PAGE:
Tonle SapSix miles south of famous Siem Reap and Angkor Wat, Southeast Asia’s largest lake, Tonle Sap continues to play a vital role in the life of local Cambodians. Fed by the Mekong River during the wet season, Tonle Sap remains a major waterway for commerce and transportation. Every day, ferries carry commuters and cargo across the lake on their way to and from Battambong. For US$5, travelers can gaze through a window of life on the lake, witnessing how families live in boathouses, cooking, reading, and raising children in narrow canals. Children attend floating schools on large boats with open windows and basketball courts enclosed by high fences. Families visit floating hospitals, teetering gently in the wake. Women buy fresh fish and produce from vendors rowing along peacefully.


White Water Rafting in Luang Prabang, Laos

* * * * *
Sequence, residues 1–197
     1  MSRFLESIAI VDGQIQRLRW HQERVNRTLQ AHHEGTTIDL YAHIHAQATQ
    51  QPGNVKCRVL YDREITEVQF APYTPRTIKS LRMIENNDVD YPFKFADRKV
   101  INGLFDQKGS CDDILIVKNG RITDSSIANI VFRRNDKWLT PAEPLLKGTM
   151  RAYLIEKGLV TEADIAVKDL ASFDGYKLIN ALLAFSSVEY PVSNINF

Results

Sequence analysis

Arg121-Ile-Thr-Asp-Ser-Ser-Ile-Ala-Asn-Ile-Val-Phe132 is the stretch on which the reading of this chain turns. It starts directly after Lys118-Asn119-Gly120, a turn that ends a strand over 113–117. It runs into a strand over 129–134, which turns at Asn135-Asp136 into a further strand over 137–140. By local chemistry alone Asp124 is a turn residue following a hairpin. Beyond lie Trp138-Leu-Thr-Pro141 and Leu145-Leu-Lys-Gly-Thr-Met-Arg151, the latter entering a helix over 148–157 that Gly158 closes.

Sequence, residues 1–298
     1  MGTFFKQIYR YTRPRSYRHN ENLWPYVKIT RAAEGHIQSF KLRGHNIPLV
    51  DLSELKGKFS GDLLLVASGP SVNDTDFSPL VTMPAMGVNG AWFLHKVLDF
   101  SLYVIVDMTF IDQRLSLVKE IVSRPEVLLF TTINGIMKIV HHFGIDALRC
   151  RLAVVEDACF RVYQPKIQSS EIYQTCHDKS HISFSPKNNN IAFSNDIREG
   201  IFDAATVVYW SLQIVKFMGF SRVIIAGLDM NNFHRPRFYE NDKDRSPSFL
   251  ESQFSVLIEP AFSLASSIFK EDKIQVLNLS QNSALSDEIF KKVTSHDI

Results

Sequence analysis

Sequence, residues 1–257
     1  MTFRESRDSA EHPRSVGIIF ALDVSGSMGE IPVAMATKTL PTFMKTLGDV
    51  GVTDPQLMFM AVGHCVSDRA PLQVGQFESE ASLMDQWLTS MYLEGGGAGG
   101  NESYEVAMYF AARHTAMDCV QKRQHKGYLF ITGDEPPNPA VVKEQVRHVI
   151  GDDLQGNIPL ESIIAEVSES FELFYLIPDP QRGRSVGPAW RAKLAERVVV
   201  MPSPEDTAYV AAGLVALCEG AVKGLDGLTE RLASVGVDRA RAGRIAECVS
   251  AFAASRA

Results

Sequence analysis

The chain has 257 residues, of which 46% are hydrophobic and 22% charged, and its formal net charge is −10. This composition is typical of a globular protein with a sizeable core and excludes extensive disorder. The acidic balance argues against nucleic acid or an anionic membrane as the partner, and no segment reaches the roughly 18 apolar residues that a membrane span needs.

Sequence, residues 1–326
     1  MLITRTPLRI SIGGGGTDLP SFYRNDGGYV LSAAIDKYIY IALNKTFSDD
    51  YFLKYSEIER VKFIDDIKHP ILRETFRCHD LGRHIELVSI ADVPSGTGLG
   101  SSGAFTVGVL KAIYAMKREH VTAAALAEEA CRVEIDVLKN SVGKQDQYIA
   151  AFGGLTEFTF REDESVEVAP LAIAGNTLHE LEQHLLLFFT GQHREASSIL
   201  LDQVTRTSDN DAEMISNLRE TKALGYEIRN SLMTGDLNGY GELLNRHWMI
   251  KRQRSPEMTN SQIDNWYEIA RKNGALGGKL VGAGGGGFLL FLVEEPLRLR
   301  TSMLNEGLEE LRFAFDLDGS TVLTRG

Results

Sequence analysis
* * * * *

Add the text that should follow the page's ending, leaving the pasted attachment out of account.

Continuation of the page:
Luang Prabang RiverLaos’ religious and cultural capital, Luang Prabang is a town known for Buddhist temples, daily markets, and a laidback pace of life. At sunrise, monks and novices traverse the UNESCO World Heritage streets. At sunset, fishing boats shift back and forth in the wake of speedboats heading to China. On one side of the town, the Mekong River skims along, a wide boulevard of fertile silt and dependable currents. On the other, Nom Khan River sweeps in from the east, offering visitors white water rafting and kayaking for any skill level. From town, tours can be arranged with door to riverside transport included. On their second day in Luang Prabang, travelers could find themselves clad in helmet and life vest, digging hard into rushing currents. Guides lead rafters through crashing white waters and ominous rocks creating whirlpools. In the reeds, Lao children play in the shallows, making the peace sign as they splash each other. Along the river, mountains as diverse as the wildlife press up against the shoreline. Stilted houses perch on slopes growing tea. Birds cut across black rock cliffs. And women plod up and down terraced vegetable patches.